On Feb. 14, the part time– and full time–contingent faculty unions voted in favor of authorizing a strike; however, they did not release the specific number of members who voted in favor of it.
The decision to release strike-vote numbers is disputed among contingent faculty unions across the country. Though some unions decide to release these numbers to the public, keeping them confidential is not an unusual practice. However, some community members criticized the move for lacking transparency.
The most recent progress in the union negotiations happened at the bargaining sessions on Feb. 21 and 24. The union denied the offer the administration made it on a pay increase, saying it was not enough to satisfy its needs. The union has not yet decided if it will attend another bargaining session.
The decision to release these numbers is determined on a union-by-union basis, said Ken Mash, president of the Association of Pennsylvania State College and University Faculties, the union for Pennsylvania State institutions. Mash, whose union went on strike this past October, said 82 percent of faculty members in the APSCUF union voted, and 93 percent of them voted in favor of authorizing a strike. Mash said the union released the numbers to show the gravity of the situation.
“What we wanted to convey … was our degree of anger and how upset our faculty were at the time, so we thought it was important to communicate those numbers,” Mash said.
The APSCUF union represents both tenure-track faculty and adjunct faculty, so the union leaders were less hesitant to release these numbers, as some of the faculty members were less vulnerable, Mash said. He said he understands how some a union may not want to release these precise numbers, especially if it is a new union or it only represents contingent faculty members.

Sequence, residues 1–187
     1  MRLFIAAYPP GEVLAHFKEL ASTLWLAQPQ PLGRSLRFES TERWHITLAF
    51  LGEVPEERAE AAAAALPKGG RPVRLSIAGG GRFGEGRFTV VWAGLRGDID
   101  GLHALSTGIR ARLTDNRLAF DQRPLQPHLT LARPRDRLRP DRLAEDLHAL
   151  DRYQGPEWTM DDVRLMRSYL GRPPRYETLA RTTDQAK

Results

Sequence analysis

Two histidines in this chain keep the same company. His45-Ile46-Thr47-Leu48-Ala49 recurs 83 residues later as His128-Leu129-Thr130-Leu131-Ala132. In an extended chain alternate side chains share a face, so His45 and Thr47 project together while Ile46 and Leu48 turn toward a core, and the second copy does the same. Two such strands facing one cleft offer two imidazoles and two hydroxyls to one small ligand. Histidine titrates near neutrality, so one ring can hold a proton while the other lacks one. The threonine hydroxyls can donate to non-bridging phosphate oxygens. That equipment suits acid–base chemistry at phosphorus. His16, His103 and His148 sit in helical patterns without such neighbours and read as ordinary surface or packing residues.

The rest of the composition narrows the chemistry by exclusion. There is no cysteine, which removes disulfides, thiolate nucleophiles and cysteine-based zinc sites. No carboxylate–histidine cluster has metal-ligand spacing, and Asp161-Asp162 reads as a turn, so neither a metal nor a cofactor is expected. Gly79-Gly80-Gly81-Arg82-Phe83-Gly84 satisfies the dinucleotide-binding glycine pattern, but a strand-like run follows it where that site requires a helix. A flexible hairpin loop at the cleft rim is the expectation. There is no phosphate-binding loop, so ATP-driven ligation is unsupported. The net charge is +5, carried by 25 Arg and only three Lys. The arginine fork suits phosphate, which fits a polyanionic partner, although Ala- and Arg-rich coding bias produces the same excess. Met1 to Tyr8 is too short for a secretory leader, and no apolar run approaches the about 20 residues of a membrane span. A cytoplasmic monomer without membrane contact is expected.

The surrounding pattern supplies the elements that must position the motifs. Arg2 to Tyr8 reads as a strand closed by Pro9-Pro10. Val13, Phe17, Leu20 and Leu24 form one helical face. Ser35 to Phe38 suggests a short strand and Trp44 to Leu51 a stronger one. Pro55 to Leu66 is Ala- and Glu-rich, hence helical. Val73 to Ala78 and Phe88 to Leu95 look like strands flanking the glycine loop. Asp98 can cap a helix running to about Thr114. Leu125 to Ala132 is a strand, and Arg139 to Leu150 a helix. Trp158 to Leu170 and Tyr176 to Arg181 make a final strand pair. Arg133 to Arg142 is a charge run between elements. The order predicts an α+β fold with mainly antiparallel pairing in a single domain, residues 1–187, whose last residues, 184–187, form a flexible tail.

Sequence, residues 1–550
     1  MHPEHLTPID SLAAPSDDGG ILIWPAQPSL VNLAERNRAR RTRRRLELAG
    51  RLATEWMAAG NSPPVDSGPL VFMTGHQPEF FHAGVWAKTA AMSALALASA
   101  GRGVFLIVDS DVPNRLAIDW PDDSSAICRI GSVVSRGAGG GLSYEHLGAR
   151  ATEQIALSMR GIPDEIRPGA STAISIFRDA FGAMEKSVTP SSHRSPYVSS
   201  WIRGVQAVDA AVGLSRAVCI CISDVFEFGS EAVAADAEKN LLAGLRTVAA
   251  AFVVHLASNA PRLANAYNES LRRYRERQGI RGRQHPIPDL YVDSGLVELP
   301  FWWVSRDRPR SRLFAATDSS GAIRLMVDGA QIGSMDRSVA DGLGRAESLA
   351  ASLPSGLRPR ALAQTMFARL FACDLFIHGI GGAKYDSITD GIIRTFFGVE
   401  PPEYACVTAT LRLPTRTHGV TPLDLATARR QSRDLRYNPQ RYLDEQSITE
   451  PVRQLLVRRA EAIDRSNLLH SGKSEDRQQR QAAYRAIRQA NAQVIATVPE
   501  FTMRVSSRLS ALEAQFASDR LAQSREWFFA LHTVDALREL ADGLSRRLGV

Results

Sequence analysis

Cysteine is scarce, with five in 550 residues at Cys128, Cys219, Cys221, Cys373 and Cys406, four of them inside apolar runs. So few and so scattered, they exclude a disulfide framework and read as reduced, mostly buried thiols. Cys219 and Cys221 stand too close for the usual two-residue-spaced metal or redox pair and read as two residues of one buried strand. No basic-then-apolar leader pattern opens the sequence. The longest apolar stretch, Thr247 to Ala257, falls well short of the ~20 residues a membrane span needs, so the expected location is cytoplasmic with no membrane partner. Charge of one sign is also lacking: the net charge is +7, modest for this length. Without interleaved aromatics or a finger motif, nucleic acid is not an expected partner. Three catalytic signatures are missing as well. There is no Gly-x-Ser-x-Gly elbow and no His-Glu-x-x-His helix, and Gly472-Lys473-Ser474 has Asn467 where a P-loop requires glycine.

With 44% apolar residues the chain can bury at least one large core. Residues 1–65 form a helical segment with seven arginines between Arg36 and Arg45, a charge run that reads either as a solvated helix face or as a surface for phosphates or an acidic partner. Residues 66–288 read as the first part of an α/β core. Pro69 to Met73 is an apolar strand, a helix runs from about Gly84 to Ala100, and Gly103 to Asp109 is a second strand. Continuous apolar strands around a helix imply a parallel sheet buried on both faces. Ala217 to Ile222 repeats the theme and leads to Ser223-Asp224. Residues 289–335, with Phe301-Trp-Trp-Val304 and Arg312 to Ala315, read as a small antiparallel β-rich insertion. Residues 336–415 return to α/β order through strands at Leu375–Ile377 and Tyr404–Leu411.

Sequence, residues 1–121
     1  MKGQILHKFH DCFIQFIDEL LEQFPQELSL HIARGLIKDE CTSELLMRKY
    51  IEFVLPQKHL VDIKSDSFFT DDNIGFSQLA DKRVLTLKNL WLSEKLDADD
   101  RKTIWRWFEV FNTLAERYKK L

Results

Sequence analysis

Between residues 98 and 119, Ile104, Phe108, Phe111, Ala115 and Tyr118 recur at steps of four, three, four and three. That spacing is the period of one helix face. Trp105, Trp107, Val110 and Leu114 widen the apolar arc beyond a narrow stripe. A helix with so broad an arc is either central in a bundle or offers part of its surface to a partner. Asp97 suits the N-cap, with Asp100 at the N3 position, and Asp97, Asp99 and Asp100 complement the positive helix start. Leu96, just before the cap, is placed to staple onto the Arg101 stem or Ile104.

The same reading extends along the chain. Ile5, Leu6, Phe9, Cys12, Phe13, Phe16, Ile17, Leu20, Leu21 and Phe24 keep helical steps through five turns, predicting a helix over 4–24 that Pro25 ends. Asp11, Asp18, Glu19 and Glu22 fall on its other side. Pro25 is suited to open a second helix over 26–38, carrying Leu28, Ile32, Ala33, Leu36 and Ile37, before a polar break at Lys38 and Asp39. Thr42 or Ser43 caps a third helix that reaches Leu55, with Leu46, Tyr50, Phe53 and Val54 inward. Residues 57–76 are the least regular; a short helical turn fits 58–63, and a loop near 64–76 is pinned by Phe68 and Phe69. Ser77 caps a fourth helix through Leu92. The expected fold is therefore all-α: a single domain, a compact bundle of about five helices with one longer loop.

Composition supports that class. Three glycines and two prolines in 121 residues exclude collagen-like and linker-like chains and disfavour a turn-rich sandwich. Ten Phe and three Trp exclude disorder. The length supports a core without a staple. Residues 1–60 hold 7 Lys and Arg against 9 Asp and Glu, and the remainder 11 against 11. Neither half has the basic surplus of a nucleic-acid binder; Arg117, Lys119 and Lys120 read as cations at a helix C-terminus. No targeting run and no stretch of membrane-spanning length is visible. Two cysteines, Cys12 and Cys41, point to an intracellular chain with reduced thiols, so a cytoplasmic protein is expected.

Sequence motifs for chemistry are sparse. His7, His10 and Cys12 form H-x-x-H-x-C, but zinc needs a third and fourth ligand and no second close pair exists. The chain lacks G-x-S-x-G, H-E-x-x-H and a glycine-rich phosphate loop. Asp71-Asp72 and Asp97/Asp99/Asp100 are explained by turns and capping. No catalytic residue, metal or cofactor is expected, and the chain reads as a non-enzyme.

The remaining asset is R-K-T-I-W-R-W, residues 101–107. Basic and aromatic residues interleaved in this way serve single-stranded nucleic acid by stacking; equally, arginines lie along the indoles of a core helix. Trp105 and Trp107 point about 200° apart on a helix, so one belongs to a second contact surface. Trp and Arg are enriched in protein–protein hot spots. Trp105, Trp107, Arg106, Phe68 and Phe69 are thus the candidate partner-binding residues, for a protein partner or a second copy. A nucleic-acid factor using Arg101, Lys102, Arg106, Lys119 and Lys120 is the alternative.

This December, Barnard College authorized a strike vote as well. In the vote, 119 faculty members voted in favor of authorization, and 15 voted against authorization. Georgette Fleischer, a member of the Barnard Contingent Faculty United Automobile, Aerospace and Agricultural Implement Workers of America Local 2110 and former member of the bargaining committee, said her union released the precise numbers because of the good turnout it had, despite the fact that some contingent faculty members were not on campus during the fall semester when the vote was held.
“In our case, we did want to give precise numbers because we felt a commitment to being transparent with our membership,” she said.
Sarah Grunberg, instructor in the Department of Sociology and faculty leader for the Service Employees International Union Local 200United, said that because of the vulnerability of the contingent faculty members, releasing these numbers while the committee is still bargaining could put the faculty members at risk. If the voter turnout was deemed large enough, she said, the administration could label this body of faculty as problematic and retaliate against its members by replacing them or opening up their positions to a national search.
“The administration is then able to narrow down perhaps which members were voting ‘yes’ and were more involved in this process,” she said.